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Grandparents are increasingly in the picture helping grandchildren with the skyrocketing costs of college.  That help can be unintentionally negative if it impacts a child’s eligibility for need-based aid.  Here are some strategies to make sure your financial assistance doesn’t end up costing your grandchild:

Using a 529 Account: Who owns it and When Distributions are made

The 529 account is a  popular tax savings account lets you put money away for your child's or grandchildren’s educational needs.  Under the guidelines of the  Free Application for Federal Student Aid (or FAFSA), 529 accounts in a parents or child name will count as assets and may reduce the amount of aid for which the student is eligible. The College Board’s CSS Profile for financial aid has similar guidelines.

The important thing in setting up a 529 account then is who owns the account.  Typically, you the grandparent should own the account.  Care must be exercised however in how distributions are made from grandparent-owned 529 accounts because distributions from a grandparent to a grandchild are considered “untaxed income” and can reduce aid.  If the child is not planning on attending graduate school, distributions can be made in the junior or senior year without penalty under the new “Prior-Prior” rules.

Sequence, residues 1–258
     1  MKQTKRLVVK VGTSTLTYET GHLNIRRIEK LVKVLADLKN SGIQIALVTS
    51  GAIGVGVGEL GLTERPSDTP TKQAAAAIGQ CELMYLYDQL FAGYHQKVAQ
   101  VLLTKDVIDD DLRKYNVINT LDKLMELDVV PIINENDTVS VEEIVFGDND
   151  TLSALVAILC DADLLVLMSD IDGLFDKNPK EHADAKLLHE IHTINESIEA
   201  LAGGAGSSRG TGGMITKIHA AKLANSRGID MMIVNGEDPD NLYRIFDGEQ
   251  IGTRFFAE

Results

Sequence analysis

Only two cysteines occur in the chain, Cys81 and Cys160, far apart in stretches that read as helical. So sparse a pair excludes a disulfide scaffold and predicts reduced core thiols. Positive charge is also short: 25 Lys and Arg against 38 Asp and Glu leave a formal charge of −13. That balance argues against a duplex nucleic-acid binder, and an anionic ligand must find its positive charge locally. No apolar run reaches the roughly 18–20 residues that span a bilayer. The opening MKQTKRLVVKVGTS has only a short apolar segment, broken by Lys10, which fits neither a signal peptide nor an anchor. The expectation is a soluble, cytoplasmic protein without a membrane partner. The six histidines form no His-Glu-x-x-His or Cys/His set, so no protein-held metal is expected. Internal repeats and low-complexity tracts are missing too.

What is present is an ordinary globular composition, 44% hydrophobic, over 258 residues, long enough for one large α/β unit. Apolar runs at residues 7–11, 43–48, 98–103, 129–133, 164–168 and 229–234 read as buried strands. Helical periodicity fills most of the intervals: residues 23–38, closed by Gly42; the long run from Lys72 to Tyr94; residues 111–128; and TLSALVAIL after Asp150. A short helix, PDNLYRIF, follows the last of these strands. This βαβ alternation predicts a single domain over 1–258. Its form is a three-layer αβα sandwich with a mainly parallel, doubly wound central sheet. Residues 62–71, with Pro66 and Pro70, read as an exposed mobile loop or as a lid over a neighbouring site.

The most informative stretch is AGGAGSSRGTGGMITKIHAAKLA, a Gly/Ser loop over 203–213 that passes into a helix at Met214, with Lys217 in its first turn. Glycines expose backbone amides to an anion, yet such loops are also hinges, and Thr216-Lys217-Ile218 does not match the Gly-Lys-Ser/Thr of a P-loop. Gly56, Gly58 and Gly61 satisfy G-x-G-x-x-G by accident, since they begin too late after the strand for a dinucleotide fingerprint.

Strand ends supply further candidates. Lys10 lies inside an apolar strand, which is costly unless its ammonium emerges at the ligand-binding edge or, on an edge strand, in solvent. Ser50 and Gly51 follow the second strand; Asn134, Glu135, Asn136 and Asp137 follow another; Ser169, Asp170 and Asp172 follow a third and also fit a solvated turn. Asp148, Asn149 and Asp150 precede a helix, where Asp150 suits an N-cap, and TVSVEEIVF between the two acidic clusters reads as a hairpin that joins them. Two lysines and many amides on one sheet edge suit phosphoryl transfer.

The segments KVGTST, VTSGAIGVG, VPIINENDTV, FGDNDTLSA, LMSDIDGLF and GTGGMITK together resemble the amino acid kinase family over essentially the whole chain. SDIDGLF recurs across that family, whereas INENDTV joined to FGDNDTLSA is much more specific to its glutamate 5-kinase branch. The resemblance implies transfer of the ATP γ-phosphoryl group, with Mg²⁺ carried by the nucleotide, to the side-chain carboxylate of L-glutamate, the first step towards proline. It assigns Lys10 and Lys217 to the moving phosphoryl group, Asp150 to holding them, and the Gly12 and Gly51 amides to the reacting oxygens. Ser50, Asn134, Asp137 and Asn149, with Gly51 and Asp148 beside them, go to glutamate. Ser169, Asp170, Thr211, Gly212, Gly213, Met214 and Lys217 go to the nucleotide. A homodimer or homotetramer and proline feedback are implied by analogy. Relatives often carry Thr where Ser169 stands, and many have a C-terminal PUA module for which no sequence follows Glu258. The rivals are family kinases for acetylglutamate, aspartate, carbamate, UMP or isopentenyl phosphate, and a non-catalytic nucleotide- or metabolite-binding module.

Direct Gifts

Direct gifts to the student or to the school are simple, but have a catch – they are also considered “unearned income” and can reduce the aid.  But with the new “Prior-Prior” rules, gifts in the junior or senior year can be made without impacting aid.  For freshman or sophomore years, gifts can be made to the parents which will have a smaller impact on aid than a direct gift to the child.

Find Them a Job

In 2016 a student can shelter $6,300 in income from the federal aid calculation.  Besides cash, experience in the workforce has its own benefit.  Find out what they're interested in doing, and look for opportunities for internships or starting positions with the people you interact with on a regular basis.  Your circle of friends and acquaintances can be of tremendous help for a first-time job-seeker.

Use a Trust

You can create an education trust for your grandchild.  This can be money you directly control while you're alive, and give directly to the student or parents (see above), and be set aside after you're gone to support the students further education.   Funds set up correctly in a trust for the parents or grandchild won’t negatively impact a child’s eligibility for need-based aid. While it won’t have the tax savings of a 529 account, you’ll have more flexibility on where the funds can be used.  Funds in a 529 account, for example, can only be used without penalty for tuition, fees, books, as well as room and board.  An education trust can be designed to cover any expenses you deem appropriate – off-campus housing, transportation costs, tutors, travel, and more.  And the funds in trust don’t have to stop when the child’s education is done, for example, they could be used to help buy a house or get a new business started.

Source: How Grandparents Can Help Pay for College